Economic health is linked to community preservation
New Hampshire’s economic future will depend largely on how well each community in the state preserves its distinctive character, provides affordable housing and safeguards the state’s environment, according to Exeter resident Peter Francese, a nationally known demographics expert.
Francese was the keynote speaker at the New Hampshire Preservation Alliance’s conference on “Saving Community Landmarks and Landscapes” conference. The Concord event attracted about 150 community officials from around the state.
Francese – who has more than 30 years’ experience as a demographer – has written two books on marketing, was the co-founder of one of the nation’s first demographic information firms, and founder of American Demographics magazine. He currently writes a monthly column for that magazine and is the demographic trends analyst for the firm of Ogilvy & Mather.
Among the growth trends Francese cited in his talk were:
• New Hampshire’s population is increasing at approximately 1 percent a year, and that growth is slowing.
• Virtually all growth will be among older adults and due mostly to in-migrants.
• Three-quarters of all projected growth from 2005-2015 will be in New Hampshire’s four largest counties (Hillsborough, Rockingham, Merrimack and Strafford)
• All but three counties (Strafford, Cheshire and Sullivan) are expected to grow more slowly than in the 1990s
Francese also pointed out a number of trends relating to the aging of the population:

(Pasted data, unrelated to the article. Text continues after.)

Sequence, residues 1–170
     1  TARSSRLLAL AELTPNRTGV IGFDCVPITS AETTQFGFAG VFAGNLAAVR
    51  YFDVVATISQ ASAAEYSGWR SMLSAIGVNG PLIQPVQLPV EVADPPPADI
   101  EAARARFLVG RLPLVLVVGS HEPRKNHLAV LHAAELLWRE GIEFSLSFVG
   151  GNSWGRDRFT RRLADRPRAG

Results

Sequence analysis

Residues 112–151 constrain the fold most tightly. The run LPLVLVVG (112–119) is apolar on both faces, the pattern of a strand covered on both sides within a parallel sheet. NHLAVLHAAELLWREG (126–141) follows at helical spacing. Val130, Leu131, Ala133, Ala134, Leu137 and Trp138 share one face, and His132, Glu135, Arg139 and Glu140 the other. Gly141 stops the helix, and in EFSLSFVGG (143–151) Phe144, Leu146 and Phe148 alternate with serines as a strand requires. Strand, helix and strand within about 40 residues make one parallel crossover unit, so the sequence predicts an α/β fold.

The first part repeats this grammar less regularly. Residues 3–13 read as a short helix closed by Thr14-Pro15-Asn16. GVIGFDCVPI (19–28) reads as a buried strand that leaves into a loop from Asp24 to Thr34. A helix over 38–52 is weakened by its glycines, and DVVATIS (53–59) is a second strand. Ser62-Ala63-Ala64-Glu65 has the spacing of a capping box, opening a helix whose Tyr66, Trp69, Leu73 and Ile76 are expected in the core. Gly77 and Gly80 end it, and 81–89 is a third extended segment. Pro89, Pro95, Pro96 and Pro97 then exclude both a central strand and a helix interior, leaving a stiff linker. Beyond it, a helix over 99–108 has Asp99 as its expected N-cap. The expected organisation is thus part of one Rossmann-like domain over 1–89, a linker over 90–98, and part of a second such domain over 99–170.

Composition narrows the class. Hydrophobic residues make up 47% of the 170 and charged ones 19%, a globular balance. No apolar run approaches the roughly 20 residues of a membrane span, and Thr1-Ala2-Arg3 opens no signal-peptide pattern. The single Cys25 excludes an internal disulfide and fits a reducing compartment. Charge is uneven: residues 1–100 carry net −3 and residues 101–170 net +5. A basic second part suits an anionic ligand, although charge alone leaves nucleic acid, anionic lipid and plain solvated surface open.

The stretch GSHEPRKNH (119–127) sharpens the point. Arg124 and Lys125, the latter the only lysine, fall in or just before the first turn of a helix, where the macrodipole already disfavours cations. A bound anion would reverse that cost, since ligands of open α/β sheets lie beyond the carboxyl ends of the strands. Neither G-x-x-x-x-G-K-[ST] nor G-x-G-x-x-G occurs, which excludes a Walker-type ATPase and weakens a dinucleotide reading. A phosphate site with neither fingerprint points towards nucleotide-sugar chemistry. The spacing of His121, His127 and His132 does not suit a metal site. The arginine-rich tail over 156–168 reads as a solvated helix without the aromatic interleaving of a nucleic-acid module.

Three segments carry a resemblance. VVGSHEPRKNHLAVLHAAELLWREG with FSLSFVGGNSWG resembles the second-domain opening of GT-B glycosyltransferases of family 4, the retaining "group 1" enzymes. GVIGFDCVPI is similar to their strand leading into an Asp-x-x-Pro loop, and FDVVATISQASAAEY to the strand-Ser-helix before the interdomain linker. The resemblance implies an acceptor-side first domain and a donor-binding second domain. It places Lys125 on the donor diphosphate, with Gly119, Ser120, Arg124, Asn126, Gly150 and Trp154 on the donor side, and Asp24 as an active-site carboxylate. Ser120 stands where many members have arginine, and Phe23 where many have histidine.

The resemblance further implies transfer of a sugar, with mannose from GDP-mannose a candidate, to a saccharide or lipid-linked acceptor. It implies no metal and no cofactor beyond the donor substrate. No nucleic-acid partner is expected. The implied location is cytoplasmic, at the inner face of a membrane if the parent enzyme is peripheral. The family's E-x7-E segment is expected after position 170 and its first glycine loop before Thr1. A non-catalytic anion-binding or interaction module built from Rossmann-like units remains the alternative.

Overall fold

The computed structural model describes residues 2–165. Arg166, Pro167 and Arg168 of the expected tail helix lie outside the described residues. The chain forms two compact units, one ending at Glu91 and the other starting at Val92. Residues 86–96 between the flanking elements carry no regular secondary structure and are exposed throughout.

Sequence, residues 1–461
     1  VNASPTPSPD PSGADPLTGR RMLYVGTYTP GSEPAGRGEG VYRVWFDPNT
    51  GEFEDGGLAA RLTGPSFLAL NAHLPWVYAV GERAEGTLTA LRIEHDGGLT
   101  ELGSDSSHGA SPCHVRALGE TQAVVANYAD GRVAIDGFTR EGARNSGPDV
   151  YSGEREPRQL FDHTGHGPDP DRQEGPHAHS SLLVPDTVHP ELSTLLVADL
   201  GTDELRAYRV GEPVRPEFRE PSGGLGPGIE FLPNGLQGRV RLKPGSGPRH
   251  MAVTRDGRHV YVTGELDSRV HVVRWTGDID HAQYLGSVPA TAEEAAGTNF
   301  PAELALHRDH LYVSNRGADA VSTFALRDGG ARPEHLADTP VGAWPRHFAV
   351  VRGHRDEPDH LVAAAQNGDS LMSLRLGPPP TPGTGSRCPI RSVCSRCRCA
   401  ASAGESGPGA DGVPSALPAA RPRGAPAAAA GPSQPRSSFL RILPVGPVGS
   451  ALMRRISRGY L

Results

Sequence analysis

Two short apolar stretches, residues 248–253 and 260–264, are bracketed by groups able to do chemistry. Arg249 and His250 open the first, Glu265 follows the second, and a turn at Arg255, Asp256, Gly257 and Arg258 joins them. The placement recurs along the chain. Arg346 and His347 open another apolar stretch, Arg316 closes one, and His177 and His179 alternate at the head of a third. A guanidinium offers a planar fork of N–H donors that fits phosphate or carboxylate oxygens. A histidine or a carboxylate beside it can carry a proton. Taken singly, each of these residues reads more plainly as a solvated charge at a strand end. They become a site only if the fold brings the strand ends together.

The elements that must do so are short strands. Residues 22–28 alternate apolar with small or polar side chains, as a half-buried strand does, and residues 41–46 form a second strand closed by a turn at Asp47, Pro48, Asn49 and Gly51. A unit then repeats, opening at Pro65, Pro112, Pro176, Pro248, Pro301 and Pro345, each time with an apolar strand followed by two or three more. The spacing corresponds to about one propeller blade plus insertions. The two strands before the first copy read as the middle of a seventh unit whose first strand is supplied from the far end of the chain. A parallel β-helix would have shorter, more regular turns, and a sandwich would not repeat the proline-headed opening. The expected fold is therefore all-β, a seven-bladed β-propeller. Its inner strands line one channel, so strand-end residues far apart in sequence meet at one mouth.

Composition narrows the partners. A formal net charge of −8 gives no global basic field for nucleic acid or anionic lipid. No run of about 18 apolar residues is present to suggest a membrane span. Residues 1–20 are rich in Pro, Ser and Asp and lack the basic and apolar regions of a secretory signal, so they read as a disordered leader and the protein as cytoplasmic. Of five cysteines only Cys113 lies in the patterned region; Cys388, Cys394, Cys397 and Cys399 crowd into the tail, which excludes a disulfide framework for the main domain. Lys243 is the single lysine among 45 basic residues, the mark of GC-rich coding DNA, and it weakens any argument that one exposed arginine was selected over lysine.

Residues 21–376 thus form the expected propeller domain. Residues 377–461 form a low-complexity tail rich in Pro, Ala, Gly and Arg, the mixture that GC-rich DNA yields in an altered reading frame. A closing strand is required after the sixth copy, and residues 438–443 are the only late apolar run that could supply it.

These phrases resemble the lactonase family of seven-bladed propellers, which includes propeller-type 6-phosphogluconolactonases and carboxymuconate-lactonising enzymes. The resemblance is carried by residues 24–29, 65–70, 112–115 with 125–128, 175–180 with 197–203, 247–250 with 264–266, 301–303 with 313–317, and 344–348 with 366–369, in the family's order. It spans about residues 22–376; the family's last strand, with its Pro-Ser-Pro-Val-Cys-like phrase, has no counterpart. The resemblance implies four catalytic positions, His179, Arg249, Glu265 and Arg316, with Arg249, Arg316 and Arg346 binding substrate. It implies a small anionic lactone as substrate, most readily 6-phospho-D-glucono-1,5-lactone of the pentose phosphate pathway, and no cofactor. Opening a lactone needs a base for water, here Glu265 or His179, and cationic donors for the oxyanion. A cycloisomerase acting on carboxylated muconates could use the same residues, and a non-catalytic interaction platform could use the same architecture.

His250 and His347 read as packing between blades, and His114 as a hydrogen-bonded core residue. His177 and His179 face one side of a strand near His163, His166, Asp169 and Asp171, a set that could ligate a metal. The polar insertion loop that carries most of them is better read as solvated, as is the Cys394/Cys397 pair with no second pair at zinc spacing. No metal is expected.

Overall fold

• The sharp decline in 35-44-year-olds, half of whom are married with children, combined with a lack of affordable housing, hinders the state’s economy because a large segment of the group are married with children, spend twice as much in retail purchases as older groups and their children form the basis of the future workforce
• The state’s highest growth is in the 55-to-74-year-old bracket, many of whom own second homes (New Hampshire is third in the nation in the percentage of second homes).
• Rapid growth in the older population offers a good pool for fund-raising for community projects.
According to Francese, most new homes are located in suburban or rural areas away from town centers, and that development pattern often wipes out open space, seldom creates any affordable housing, and can cost more than redeveloping existing structures or compact new development.
Town centers with housing are more economically attractive than those without housing, according to Francese, because the costs of sprawl include higher per capita expenditures for municipal services, such as road maintenance, and in some cases because schools or municipal facilities need to be relocated to more distant sites — all costs that result in higher taxes.
Municipal leaders also often try to limit housing for families based on misconceptions about cost, and the resulting limited supply of housing increasingly excludes these significant contributors to our economy, he said. On the other hand, the small size of New Hampshire’s school districts place excessive burdens on municipalities, he said, adding that a regional or state-level task force be formed to examine the interrelationship of these complex issues and develop strategies to address social and economic goals.
Also at the event, Gov. Craig Benson urged attendees to combine their creativity and passion with entrepreneurial actions “to help change New Hampshire for the better while preserving the past.”
New Hampshire’s special places, along with its people and volunteer spirit, are what make the state so attractive to businesses and visitors, he said. Recent studies show that preservation investments yield quality jobs and serve as a substantial stimulant for community development, according to the governor.
Conference sponsors included Public Service of New Hampshire, Henry Page House Restoration, Citizens Bank, First Period Colonial Preservation/Restoration, Merrimack County Savings Bank and CMK Architects.